Argentina’s government buys back flag carrier Aerolineas Argentinas from private firm

Friday, September 5, 2008, 8:07 by Aviation Correspondent

Argentina is to bring back the troubled Aerolineas Argentinas, the country’s flag-carrier airline, under state control.

The move to buy back Aerolineas Argentinas, which was sold to the private sector 18 years ago, is a part of the government of Argentina’s efforts to expand its presence in key sectors, according to media reports.

Argentina’s Senate approved the nationalisation of Aerolineas Argentinas and its subsidiary airline, Austral Líneas Aereas, in a 46-21 vote. The ruling Peronist party of Argentina and its allies passed the measure after over 10 hours of debate.

Lawmakers made a change in the original Bill to remove any mention of re-privatising Aerolineas Argentinas in the future.

Argentina’s lower house had, in August 2008, approved the re-nationalisation measure, which requires that the state hold a majority of company shares.

Now the Senate has approved the outlines of an agreement that the Argentine government reached with Spanish travel group Marsans in July 2008 to buy all the shares that Marsans holds in Aerolineas Argentinas and its Austral unit.

According to the government, Aerolineas Argentinas is overstaffed, heavily unionised and over half its ageing fleet of 67 planes are grounded.

Aerolineas Argentinas, the largest domestic and international airline in Argentina, accounts for 83% of Argentina’s domestic airr traffic and over 50% of international flights from Ministro Pistarini International Airport, located in Ezeiza, Buenos Aires. Aerolíneas Argentinas and LAN Airlines are the only Latin American airlines that fly to Oceania.

Austral Líneas Aereas, based in Buenos Aires, Argentina, is the sister company of Aerolíneas Argentinas and the second largest domestic scheduled airline in Argentina. Its main base is Aeroparque Jorge Newbery in Buenos Aires.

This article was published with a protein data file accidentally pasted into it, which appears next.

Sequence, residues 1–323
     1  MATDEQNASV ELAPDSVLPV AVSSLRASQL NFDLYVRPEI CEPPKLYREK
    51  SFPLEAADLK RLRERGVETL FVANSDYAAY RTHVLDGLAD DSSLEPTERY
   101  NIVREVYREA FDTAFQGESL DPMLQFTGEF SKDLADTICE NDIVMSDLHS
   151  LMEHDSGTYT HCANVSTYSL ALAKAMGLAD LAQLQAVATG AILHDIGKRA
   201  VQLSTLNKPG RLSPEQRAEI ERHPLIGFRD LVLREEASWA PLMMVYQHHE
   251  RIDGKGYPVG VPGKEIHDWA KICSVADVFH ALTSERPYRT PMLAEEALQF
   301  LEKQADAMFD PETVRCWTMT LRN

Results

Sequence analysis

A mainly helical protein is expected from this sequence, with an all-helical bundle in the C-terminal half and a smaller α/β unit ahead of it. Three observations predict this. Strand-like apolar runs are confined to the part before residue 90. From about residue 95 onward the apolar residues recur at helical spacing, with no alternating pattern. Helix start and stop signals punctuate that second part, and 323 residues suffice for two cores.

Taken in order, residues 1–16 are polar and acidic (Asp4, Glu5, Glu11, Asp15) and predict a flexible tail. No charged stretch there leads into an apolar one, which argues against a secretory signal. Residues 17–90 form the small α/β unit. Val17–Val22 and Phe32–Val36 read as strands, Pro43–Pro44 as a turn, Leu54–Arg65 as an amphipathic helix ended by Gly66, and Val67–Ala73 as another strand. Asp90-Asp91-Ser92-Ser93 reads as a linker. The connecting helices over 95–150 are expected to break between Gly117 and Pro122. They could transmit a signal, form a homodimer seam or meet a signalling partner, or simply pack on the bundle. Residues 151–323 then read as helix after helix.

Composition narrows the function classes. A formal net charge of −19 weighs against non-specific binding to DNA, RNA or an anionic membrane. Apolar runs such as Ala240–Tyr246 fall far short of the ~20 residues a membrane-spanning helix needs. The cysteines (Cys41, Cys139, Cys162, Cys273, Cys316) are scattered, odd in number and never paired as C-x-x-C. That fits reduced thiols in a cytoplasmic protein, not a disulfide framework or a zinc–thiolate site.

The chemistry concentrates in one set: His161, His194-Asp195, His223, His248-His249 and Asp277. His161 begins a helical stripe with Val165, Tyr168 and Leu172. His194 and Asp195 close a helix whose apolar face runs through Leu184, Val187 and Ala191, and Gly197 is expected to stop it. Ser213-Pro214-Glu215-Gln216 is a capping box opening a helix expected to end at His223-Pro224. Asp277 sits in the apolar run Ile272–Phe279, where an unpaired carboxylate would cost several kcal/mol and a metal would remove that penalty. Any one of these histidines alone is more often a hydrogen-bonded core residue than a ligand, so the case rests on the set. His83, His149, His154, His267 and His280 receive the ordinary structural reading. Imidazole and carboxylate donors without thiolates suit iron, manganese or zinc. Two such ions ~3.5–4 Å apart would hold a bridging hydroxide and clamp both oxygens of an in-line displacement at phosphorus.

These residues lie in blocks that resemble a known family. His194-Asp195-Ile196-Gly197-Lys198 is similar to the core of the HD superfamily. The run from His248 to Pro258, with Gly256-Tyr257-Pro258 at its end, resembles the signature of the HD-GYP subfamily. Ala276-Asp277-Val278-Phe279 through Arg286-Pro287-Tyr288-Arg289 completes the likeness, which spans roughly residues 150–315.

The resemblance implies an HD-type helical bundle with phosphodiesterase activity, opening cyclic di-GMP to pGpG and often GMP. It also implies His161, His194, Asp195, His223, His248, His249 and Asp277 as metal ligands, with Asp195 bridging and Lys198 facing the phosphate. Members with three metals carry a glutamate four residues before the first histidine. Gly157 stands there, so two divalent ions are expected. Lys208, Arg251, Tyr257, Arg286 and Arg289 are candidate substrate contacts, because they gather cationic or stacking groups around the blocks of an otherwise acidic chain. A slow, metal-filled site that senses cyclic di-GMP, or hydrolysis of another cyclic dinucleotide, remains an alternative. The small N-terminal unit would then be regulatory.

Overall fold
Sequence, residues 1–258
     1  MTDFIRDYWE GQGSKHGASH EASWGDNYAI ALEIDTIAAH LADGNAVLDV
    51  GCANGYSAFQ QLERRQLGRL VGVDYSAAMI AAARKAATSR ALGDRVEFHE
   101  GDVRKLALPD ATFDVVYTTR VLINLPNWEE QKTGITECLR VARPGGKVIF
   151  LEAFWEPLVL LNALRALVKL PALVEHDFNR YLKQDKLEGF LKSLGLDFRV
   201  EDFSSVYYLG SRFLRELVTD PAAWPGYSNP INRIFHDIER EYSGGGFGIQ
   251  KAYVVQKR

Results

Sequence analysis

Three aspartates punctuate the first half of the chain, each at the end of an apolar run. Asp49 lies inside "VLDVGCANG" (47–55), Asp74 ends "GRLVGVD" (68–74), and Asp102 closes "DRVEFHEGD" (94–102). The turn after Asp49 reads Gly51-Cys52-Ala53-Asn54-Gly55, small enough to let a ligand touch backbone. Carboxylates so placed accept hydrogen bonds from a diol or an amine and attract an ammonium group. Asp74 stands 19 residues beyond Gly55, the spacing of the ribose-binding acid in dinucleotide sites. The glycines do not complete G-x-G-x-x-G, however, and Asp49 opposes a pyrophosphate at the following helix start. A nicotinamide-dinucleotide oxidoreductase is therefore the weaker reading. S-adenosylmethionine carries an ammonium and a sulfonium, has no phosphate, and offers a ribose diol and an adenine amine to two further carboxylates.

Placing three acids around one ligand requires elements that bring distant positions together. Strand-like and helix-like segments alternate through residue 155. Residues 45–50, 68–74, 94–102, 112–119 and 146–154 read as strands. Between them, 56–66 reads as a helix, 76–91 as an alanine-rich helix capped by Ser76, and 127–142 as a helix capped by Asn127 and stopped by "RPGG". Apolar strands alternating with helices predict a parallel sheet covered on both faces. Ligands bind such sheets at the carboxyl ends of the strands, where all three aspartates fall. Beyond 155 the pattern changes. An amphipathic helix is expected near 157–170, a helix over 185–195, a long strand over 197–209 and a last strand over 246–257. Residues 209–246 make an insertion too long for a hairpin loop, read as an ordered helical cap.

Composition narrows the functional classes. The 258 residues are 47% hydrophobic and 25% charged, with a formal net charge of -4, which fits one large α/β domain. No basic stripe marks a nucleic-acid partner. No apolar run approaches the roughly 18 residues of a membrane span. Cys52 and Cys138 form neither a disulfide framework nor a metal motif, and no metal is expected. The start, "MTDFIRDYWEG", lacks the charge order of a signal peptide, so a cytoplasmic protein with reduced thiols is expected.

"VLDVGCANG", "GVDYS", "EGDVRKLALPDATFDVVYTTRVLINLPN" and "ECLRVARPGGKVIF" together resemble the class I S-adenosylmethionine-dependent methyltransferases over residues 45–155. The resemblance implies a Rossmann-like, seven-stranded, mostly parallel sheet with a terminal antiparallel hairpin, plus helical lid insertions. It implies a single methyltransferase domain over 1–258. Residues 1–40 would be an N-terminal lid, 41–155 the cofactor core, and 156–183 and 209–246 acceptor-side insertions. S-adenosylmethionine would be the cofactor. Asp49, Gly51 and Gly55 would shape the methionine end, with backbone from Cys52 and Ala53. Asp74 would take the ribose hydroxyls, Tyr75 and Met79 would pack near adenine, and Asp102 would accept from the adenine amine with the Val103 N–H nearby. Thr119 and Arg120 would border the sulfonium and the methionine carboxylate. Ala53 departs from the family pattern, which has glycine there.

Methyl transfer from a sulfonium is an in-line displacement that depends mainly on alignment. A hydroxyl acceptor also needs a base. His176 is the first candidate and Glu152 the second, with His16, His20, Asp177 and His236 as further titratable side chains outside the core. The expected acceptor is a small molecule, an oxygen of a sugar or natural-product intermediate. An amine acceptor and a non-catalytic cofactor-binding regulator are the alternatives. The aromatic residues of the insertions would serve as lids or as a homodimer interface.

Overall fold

The government of Argentina and the Spanish travel group Marsans are still negotiating a price for the country’s biggest airline, media reports said.

Argentina’s President Cristina Fernandez was quoted by the media as saying that the state had no option but to buy out Marsans because “the heavily indebted airline was behind on salary payments.”

Aerolineas Argentinas and Austral Lineas Aereas, which together operate about 80% of Argentina’s domestic flights, employ some 9,000 workers.

The two carriers compete with LAN Airlines, based in Santiago, Chile. (LAN Airlines, the principal airline of Chile and one of the largest airlines in South America, operatees flights to Latin America, United States, Canada, the Caribbean, Oceania, and Europe.)

Aerolineas Argentinas was on the brink of bankruptcy in 2001 when Marsans bought it from a group controlled by the Spanish government. Aerolineas was first privatised in 1990, according to the airline’s website.

In August 2008, Argentina’s Secretary of Transportation had charged the Spanish travel group Marsans with “draining” Aerolineas Argentinas. He had insisted that the government need not have to pay anything for the airline, which was estimated to have debts amounting to about $900 million (£505 million).